As directed by Congress in last year’s RAY BAUM’s Act, the Federal Communications Commission (FCC) delivered to the House and Senate Commerce committees its evaluation of broadband coverage in Indian country. The FCC’s bottom line: while there has been progress, more needs to be done.

Consistent with previous findings, the FCC found that broadband deployment on tribal lands in rural areas lags significantly behind both urban and non-tribal rural areas. Just 46.5% of rural tribal areas had access to fixed broadband services, a 27-point gap to non-tribal rural areas and 50% below non-tribal urban areas. (For these purposes, the FCC defines fixed broadband service as providing 25 Mbps downstream and 3 Mbps upstream.)

Here are the report’s major findings regarding broadband coverage on tribal lands:

  • 36% of housing units on tribal land lacked any access to wireline broadband, compared to only 8% of non-tribal housing units. Including fixed wireless improved matters, but not by much. 31% of tribal housing units lacked access, compared to only 7% of non-tribal housing units.
  • The disparity between rural non-tribal and rural tribal fixed broadband coverage applies across all broadband speeds. The following table compares the percentage of housing units covered by at least one terrestrial (excludes satellite) fixed broadband provider in rural tribal and non-tribal areas.

  • Access to 4G LTE wireless broadband is more equalized, according to the report. Only 4% of the population on tribal lands have no access to 4G LTE mobile service (compared to 0.2% for non-tribal lands), and 73% have access to four or more providers compared to 89% for non-tribal lands.

The FCC’s findings are based on broadband coverage information submitted to the agency from its 477 data collection, which requires biannual self-reporting by providers of broadband services on a census block basis. This same methodology has come under criticism by the General Accounting Office and others for overstating coverage on tribal lands, and the report acknowledges its “shortcomings.” The FCC notes that it has an ongoing proceeding to consider ways to improve its broadband data collection, including obtaining information on a more granular basis.

Congress directed the FCC to use the information developed by this report to conduct a rulemaking to address unserved tribal areas. The FCC must finish this rulemaking process next year, which means it is likely that the agency will issue a rulemaking notice sometime before the end of this year. The rulemaking process should provide stakeholders a further opportunity to present proposals to enhance current programs. In the meantime, the FCC’s report identifies existing and future actions to provide support for deploying broadband in tribal areas. The FCC’s recently concluded auction to award Connect America Fund (CAF) financial support for unserved rural areas allocated $1.488 billion over the next 10 years to expand broadband to 700,000 rural homes and businesses, including 17,895 tribal census blocks. Areas that did not receive funding in that auction will be included in the FCC’s Remote Areas Fund and the agency has committed to consider preferences for tribal entities or providers serving tribal lands.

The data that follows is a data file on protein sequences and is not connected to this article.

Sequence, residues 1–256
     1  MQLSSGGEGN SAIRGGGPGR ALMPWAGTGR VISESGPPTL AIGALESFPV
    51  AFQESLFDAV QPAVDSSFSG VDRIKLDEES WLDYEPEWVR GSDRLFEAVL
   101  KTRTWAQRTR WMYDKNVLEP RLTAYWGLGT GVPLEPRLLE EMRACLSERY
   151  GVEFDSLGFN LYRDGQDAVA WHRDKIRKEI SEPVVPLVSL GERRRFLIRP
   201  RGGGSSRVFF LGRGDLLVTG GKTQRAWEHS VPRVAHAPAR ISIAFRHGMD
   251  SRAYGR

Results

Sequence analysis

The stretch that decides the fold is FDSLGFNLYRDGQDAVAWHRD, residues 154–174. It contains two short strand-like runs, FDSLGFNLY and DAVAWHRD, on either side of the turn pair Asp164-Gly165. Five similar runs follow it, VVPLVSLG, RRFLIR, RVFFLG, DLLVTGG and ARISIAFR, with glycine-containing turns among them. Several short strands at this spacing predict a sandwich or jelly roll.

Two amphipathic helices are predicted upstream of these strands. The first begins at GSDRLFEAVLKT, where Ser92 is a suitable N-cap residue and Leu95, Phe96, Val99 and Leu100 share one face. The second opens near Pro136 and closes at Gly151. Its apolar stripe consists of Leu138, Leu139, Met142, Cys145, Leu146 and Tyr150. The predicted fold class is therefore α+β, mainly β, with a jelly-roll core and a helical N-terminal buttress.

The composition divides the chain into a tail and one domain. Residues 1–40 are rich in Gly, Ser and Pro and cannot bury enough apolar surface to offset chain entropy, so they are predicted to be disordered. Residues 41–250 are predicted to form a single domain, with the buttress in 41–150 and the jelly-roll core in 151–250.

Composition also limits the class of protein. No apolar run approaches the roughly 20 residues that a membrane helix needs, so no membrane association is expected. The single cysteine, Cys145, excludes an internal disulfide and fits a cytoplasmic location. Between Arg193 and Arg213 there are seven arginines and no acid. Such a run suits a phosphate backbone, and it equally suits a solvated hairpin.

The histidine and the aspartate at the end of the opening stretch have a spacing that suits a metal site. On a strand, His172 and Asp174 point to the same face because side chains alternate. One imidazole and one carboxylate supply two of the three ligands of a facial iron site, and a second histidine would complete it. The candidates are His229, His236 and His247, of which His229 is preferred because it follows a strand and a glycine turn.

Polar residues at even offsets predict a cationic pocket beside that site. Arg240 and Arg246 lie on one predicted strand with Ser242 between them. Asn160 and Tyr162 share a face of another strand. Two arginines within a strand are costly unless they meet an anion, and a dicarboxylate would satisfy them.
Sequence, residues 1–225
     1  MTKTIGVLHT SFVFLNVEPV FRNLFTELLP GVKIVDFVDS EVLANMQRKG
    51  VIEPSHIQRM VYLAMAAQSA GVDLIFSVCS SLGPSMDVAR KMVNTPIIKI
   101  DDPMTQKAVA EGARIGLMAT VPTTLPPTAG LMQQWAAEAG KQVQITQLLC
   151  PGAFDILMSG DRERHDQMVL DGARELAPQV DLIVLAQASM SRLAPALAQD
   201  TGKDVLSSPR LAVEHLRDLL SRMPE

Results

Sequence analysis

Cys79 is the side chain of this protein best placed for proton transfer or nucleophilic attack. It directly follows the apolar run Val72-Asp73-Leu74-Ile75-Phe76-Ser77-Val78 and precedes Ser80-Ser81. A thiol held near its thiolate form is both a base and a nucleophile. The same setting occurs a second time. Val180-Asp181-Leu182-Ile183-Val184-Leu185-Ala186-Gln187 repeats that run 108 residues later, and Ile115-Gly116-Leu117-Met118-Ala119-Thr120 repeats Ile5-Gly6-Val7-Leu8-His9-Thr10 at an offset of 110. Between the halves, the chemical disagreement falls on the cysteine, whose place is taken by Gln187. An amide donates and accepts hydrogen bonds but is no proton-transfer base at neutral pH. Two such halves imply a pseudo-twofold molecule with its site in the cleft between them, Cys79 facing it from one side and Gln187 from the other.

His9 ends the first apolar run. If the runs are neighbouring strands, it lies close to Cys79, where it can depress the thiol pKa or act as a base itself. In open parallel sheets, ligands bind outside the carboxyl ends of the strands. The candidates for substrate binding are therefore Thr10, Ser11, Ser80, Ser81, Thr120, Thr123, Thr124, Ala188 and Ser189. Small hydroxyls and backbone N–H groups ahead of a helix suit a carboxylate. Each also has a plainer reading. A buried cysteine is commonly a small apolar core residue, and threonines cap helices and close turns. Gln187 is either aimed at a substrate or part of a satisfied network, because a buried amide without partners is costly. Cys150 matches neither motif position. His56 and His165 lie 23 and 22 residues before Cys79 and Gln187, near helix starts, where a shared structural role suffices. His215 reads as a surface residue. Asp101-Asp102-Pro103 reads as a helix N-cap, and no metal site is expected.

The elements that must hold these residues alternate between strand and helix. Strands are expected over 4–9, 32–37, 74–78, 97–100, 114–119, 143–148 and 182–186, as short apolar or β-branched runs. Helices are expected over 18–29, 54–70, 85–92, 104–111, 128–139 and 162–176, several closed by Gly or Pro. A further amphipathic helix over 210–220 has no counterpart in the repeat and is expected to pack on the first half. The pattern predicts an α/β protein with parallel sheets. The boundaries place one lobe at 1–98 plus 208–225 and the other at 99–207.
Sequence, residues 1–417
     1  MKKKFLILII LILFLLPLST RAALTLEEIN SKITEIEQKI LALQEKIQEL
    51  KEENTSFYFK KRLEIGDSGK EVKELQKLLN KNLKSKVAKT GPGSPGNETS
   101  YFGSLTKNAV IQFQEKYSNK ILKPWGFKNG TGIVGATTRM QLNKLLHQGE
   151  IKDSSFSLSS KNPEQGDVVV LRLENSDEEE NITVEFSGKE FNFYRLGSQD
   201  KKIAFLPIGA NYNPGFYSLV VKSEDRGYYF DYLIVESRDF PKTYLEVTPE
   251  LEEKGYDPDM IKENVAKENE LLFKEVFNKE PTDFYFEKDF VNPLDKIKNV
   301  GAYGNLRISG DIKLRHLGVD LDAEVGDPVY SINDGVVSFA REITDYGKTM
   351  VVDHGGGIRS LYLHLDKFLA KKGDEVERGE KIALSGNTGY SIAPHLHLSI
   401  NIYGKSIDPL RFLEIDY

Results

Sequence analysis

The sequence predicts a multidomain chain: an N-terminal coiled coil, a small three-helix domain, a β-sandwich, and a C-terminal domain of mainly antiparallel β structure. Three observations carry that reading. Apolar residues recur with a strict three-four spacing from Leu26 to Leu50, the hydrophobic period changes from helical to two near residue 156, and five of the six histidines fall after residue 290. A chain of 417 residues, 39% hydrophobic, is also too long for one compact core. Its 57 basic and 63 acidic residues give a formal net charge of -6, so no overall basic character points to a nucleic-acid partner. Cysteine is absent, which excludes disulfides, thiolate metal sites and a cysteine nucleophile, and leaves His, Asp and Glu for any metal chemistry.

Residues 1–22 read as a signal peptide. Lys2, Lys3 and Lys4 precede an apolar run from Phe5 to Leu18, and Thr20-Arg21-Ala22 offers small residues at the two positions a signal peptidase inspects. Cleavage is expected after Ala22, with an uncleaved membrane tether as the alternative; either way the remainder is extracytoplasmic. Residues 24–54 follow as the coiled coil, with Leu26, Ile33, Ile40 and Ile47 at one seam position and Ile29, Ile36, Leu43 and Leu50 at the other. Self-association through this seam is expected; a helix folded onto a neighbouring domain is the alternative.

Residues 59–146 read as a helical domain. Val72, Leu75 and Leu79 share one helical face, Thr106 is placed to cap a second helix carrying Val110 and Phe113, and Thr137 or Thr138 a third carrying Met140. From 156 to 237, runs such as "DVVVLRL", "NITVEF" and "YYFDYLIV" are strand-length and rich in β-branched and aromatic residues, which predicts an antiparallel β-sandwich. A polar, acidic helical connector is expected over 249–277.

The FCC report also noted that it revised its rules for supporting broadband services offered by smaller, mostly rural carriers (called rate-of-return carriers) using an FCC-devised cost model. To reflect the unique challenges of deployment in many rural tribal areas, the model incorporates a “Tribal Broadband Factor” designed to identify more tribal areas as eligible for support. The report also notes that the FCC will conduct an additional “reverse auction” to award $4.53 billion over 10 years for mobile broadband that will include a separate Tribal Mobility Fund auction “with at least $340 million expected to be set aside for Tribal lands.” The FCC, through the Rural Auctions Broadband Task Force, is conducting outreach to tribal governments to encourage participation. The report concludes that of the 1.75 million housing units located in tribal census blocks, almost 540,000 are completely unserved, and of that number, approximately 330,000 are eligible for the FCC’s various funding programs.

The report’s finding that broadband coverage in tribal areas continues to lag well behind other rural areas should provide additional incentive to address this aspect of the digital divide, and upcoming proceedings at the FCC afford an opportunity to tribal governments and associations to present their proposal to the agency.

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